Indonesia has one of the most free-wheeling democracies in Southeast Asia, following years of authoritarian rule that only ended with the ouster of President Suharto in 1998. But observers say this election could be a key turning point for the country. Indonesians will choose between a political outsider who preaches reform, and a former military general with direct ties to the old regime—and polls suggest the race is neck and neck with only days to go before election day.
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At 24, Samnang looks like many Cambodian men his age, dressed in a fitted plaid shirt and skinny jeans. Samnang is not his real name; he’s only agreed to let me record our conversation if I don’t identify him. He’s not shy, though, when asked about the first time he and his friends forced a woman to have sex. For PRI's The World, a look at Cambodia's alarming problem of gang rape.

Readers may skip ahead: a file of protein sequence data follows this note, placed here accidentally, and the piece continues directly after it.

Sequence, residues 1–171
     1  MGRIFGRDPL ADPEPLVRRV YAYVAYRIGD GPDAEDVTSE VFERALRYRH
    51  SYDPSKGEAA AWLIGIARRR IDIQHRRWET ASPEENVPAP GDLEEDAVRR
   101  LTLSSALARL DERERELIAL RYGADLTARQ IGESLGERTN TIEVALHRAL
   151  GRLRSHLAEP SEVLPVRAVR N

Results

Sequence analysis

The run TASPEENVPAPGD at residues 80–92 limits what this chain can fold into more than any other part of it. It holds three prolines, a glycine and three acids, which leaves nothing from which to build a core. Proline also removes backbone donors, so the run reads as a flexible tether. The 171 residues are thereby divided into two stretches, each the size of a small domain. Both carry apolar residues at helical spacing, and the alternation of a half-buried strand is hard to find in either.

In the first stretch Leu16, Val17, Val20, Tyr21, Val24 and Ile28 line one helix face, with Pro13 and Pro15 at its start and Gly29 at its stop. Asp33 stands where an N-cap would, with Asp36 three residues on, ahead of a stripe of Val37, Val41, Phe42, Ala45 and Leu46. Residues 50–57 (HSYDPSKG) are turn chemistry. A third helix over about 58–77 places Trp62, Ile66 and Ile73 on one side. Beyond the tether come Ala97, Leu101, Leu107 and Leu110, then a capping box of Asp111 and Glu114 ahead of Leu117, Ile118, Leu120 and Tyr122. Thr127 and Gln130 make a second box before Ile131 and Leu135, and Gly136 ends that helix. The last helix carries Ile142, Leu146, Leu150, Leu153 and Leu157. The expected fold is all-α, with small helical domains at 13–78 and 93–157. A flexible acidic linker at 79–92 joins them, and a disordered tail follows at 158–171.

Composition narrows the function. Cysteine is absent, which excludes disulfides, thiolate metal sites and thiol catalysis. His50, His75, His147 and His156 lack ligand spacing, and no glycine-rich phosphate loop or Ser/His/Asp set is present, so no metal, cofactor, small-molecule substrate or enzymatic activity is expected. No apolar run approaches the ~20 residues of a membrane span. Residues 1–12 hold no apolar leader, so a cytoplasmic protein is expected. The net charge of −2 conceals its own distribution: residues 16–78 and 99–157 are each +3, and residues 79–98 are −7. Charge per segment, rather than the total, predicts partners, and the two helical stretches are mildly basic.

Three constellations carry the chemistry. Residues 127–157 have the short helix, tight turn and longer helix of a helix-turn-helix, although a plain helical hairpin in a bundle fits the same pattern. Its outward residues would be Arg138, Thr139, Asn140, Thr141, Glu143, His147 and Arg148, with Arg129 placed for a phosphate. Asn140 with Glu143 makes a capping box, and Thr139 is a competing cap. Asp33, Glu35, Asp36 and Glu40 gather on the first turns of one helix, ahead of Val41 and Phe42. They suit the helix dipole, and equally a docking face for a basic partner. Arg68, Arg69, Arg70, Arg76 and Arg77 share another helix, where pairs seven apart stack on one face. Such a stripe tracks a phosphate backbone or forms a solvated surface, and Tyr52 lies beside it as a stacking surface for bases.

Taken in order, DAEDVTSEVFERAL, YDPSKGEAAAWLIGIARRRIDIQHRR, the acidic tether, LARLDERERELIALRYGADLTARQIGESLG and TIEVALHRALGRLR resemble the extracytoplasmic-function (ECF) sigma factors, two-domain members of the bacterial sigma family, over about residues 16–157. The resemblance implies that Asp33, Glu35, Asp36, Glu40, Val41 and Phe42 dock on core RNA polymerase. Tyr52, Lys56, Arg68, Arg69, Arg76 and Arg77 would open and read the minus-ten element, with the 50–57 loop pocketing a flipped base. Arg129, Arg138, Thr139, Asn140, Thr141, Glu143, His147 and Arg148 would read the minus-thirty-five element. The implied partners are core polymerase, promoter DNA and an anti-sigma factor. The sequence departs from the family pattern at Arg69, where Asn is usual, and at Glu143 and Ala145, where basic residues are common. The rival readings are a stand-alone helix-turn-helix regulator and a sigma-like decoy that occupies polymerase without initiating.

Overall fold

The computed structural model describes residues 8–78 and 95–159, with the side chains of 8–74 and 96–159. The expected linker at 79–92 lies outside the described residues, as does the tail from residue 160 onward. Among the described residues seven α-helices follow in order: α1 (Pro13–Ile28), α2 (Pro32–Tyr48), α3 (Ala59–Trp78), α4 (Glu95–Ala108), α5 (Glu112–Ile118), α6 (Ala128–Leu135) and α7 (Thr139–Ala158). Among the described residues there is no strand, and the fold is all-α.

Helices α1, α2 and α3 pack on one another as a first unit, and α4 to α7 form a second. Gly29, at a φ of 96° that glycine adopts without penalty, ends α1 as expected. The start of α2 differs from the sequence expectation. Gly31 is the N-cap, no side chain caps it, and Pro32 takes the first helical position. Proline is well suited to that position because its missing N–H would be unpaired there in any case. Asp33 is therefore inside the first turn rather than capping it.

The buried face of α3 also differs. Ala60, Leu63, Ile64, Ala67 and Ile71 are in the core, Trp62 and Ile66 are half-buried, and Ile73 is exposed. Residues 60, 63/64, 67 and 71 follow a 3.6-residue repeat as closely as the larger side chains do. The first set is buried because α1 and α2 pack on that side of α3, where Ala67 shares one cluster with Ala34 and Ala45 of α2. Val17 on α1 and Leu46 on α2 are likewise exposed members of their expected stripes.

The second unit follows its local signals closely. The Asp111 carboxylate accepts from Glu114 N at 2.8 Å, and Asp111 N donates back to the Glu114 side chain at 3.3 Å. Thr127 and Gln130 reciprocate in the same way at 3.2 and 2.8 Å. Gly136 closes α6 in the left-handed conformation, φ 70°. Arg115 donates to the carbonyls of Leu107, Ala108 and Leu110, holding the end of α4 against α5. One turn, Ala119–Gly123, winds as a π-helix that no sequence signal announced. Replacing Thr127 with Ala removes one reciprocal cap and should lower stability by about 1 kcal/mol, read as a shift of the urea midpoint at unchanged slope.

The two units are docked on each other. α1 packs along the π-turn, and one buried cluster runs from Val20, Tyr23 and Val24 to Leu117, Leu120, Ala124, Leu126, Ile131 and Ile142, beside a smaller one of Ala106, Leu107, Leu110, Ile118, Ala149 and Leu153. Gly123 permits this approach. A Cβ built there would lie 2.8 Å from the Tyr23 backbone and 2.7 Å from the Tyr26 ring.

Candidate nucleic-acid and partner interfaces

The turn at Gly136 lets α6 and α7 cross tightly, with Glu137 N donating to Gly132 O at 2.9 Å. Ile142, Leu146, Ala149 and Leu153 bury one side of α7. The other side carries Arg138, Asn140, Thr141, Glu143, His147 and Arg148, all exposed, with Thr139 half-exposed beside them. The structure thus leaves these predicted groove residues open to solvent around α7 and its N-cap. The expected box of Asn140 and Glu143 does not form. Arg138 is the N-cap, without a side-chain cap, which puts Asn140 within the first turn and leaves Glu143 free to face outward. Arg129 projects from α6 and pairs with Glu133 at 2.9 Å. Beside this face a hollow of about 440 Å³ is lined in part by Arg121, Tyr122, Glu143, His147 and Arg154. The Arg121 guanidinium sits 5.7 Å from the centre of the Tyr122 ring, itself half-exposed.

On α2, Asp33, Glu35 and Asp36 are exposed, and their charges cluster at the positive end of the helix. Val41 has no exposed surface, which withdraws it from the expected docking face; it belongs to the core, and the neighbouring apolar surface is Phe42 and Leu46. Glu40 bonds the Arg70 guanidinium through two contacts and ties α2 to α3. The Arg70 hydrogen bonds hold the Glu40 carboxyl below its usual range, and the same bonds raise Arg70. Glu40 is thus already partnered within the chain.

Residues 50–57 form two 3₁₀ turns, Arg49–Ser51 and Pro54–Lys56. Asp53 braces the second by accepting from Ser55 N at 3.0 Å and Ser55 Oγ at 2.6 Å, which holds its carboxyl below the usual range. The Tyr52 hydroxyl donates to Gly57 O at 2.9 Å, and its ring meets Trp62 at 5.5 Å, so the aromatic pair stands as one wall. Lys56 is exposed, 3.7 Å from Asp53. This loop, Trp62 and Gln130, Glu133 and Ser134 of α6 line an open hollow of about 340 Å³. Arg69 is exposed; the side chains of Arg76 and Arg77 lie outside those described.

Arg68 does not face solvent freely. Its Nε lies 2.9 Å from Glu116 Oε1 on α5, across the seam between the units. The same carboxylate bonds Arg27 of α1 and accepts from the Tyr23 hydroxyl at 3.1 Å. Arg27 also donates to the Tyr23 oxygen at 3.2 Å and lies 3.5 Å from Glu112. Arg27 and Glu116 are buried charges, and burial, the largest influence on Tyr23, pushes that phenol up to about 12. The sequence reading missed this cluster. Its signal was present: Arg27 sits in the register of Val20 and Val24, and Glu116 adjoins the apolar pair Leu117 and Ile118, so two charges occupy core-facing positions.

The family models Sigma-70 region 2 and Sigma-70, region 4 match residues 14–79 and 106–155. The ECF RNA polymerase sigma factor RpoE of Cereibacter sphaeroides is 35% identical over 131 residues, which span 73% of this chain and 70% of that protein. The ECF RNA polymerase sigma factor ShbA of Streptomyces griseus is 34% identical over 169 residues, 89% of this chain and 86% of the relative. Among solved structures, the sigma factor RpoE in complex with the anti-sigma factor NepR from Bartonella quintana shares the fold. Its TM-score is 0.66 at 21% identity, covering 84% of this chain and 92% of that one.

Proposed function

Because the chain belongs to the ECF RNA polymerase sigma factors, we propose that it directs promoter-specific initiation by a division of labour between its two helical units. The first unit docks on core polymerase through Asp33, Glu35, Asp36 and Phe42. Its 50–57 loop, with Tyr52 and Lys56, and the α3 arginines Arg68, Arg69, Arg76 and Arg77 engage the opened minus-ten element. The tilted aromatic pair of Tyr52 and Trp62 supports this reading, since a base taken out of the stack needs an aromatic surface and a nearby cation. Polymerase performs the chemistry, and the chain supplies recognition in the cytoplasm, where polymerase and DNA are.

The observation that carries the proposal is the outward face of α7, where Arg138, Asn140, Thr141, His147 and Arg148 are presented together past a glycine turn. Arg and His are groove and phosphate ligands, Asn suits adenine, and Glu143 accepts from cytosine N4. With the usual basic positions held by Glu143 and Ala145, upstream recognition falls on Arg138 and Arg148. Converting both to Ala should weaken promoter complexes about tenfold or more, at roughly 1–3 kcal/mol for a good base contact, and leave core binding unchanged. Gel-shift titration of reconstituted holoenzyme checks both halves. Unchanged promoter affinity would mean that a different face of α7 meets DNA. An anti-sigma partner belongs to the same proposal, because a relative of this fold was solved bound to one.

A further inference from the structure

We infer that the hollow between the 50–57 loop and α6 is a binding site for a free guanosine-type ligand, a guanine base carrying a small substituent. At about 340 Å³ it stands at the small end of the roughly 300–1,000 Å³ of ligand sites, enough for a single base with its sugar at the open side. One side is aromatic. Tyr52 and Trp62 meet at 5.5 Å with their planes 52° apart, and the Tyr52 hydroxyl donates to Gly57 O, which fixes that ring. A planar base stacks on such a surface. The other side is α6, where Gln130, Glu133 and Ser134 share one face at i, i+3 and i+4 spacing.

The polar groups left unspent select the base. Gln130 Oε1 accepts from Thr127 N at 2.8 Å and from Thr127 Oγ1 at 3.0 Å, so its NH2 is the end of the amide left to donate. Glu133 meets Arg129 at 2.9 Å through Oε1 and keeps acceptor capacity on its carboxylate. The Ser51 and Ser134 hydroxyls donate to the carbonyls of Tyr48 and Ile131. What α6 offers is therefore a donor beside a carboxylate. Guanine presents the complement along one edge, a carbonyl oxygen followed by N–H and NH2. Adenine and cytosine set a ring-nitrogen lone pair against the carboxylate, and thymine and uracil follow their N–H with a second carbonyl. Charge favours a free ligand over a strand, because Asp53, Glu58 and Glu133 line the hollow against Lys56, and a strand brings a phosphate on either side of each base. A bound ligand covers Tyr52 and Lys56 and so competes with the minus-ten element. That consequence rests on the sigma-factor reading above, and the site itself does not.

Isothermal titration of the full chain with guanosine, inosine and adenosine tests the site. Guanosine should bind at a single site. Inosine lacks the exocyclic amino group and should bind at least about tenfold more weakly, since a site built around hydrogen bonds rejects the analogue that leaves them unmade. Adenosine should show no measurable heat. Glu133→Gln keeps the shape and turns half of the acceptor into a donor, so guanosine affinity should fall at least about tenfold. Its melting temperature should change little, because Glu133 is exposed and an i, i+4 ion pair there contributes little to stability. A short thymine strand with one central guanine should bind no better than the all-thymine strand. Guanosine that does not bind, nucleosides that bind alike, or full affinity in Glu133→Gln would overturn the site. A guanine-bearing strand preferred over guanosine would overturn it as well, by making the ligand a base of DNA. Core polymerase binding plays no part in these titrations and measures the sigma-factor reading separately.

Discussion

In Cambodia, musicians try to recover a long-lost harp, plucked from an ancient temple wall.
Cambodians head to the polls for the fifth parliamentary elections since a United Nations-brokered peace deal ushered in an end to years of conflict. Amid a restrictive political climate, some Cambodians push for change, while others side with the certainty of one of the world's longest-serving leaders.
Until a few years ago, Wayan Tuges had no idea what a guitar sounded like, let alone made one from scratch. Today, his instruments can sell for thousands of dollars each. From Bali, Indonesia, the story of how a traditional wood carver and spiritual leader turned his skills into an unlikely global business crafting high-end guitars. A radio feature for PRI's The World.